Celebrating one year of Mars Orbiter Mission in Orbit; Release of Mars Atlas
Mars Orbiter spacecraft marks one year of its life around the red planet today. After successfully completing one year of the mission life around Mars, now a large data set has been acquired by all five payloads of MOM. On this occasion Space Applications Centre, (ISRO), Ahmedabad has brought out a Mar Atlas which contains a compilation of images acquired by Mars Colour Camera (MCC) and results obtained by other payload results in a form of scientific atlas.
The images from MCC have provided unique information about Mars at varying spatial resolutions. It has obtained Mars Global data showing clouds, dust in atmosphere and surface albedo variations, when acquired from apoapsis at around 72000 km. On the other hand high resolution images acquired from periapsis show details of various morphological features on the surface of Mars. Some of these images have been showcased in this atlas. The images have been categorized depending upon the Martian surface and atmospheric processes.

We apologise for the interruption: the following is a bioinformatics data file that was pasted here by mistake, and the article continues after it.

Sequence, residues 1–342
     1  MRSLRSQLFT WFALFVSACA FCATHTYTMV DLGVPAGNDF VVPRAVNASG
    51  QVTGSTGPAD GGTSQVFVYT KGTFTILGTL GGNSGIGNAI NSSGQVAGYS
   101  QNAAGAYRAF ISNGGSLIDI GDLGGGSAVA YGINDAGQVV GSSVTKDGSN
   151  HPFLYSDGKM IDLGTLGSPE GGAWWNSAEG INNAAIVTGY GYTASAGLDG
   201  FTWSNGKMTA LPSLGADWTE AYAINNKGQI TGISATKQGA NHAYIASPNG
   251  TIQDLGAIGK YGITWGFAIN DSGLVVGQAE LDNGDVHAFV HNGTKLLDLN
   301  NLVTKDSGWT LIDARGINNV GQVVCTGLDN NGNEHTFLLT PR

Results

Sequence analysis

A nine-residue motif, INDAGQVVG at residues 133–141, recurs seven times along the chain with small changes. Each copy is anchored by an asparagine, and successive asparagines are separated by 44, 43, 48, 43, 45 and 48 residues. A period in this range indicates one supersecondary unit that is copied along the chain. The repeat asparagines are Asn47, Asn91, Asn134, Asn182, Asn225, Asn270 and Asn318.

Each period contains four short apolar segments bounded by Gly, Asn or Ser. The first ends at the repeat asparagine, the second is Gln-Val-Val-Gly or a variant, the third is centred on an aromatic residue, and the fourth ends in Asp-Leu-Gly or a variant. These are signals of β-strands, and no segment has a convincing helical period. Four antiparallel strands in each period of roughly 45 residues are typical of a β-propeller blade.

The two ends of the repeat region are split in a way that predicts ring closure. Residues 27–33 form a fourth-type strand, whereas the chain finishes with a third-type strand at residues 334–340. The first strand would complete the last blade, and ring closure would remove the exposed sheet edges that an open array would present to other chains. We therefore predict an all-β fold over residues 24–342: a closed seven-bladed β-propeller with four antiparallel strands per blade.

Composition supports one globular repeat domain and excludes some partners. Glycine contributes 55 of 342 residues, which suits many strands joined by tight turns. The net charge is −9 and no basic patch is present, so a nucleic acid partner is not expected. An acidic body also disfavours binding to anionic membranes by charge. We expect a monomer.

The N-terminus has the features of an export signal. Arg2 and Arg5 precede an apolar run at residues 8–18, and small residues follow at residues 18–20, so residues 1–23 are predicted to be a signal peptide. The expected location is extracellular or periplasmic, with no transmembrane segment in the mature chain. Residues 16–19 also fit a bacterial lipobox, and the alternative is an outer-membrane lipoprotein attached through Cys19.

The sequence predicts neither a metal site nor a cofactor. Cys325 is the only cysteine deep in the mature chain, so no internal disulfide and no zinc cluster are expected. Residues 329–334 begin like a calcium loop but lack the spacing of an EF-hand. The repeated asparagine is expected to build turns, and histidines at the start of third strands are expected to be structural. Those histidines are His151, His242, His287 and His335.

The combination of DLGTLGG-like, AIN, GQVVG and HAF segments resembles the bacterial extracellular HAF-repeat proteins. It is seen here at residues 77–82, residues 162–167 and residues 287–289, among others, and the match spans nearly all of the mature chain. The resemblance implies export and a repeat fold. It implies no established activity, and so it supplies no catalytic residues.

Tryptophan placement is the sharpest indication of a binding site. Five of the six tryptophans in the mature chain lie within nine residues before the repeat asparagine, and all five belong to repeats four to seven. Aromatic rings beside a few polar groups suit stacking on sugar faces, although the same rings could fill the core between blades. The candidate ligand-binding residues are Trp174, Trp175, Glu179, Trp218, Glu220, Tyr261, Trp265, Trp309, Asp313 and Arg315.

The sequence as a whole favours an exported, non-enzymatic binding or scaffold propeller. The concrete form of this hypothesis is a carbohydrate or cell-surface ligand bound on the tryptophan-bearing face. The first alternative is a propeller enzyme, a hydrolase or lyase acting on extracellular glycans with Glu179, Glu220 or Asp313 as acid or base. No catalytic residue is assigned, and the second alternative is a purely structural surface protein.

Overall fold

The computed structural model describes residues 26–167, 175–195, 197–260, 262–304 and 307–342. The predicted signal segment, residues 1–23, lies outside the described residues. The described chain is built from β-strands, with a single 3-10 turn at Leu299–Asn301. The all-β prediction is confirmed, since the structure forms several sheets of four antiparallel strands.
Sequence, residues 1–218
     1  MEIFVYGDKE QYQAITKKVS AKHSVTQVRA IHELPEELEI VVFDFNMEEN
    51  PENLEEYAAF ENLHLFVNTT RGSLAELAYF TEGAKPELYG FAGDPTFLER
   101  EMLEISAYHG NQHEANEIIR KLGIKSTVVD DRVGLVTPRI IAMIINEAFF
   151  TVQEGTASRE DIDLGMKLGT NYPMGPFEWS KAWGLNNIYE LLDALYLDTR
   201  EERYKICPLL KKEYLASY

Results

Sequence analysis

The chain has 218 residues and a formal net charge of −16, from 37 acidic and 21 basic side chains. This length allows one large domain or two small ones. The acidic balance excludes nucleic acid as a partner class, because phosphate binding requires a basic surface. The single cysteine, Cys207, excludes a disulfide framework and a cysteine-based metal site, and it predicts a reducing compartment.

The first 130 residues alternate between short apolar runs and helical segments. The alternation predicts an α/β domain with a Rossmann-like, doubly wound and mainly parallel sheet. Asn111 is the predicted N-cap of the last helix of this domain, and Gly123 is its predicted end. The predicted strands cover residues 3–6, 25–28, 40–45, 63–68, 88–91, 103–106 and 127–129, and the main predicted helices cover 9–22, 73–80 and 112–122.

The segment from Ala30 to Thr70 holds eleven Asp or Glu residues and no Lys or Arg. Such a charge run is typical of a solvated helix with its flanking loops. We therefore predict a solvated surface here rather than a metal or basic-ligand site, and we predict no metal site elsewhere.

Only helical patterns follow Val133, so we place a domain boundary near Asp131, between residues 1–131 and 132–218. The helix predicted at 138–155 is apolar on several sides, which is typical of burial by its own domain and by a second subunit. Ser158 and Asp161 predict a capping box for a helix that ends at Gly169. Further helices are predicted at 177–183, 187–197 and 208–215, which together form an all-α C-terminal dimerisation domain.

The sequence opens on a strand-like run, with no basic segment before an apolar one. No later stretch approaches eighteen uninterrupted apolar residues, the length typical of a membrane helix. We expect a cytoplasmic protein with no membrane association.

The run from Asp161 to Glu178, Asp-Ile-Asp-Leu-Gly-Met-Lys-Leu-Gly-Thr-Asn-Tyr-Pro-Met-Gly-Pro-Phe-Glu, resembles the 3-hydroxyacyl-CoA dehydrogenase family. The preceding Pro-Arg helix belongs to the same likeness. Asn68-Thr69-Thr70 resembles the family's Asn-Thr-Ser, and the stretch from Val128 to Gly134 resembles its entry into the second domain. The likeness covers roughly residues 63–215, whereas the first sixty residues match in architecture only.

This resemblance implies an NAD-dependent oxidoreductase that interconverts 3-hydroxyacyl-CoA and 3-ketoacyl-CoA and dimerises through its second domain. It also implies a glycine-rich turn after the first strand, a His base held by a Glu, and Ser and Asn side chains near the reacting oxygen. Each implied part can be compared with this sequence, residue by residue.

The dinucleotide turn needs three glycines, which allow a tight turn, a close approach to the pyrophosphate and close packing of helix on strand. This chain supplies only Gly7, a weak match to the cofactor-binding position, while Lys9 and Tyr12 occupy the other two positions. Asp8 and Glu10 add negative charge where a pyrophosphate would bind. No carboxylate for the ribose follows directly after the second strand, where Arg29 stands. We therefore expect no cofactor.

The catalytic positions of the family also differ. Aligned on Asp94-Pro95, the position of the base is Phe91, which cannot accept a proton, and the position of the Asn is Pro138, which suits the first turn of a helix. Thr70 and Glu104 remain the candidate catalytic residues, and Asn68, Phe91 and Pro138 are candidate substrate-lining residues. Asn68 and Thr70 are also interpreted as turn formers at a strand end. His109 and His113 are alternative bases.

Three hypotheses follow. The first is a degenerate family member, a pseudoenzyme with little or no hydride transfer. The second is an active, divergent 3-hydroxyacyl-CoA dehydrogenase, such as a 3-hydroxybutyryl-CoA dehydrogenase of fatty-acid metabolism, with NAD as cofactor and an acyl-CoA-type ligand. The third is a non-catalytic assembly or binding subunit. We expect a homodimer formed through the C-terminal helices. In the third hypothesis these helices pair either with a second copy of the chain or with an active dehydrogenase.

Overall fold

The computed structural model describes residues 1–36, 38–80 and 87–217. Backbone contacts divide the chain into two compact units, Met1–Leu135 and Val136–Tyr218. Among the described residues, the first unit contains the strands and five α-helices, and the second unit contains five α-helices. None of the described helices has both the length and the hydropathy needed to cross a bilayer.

Mars is one of the closest celestial objects to the Earth and it has attracted humans towards itself since the time immemorial. A large number of unmanned orbiters, landers and rovers have been launched to reach Mars since early 1960s. These missions had provided large amount of data on various scientific aspects of the Mars. The knowledge acquired by the analysis of these data, suggested enhanced possibility of the presence of life, on this now dry and dusty planet. India has joined the club of space faring nations to explore Mars by sending its first planetary mission called, Mars Orbiter Mission or popularly known as MOM. The MOM spacecraft was designed, built and launched in record period of less than two years. MOM carried five science instruments collecting data on surface geology, morphology, atmospheric processes, surface temperature and atmospheric escape process.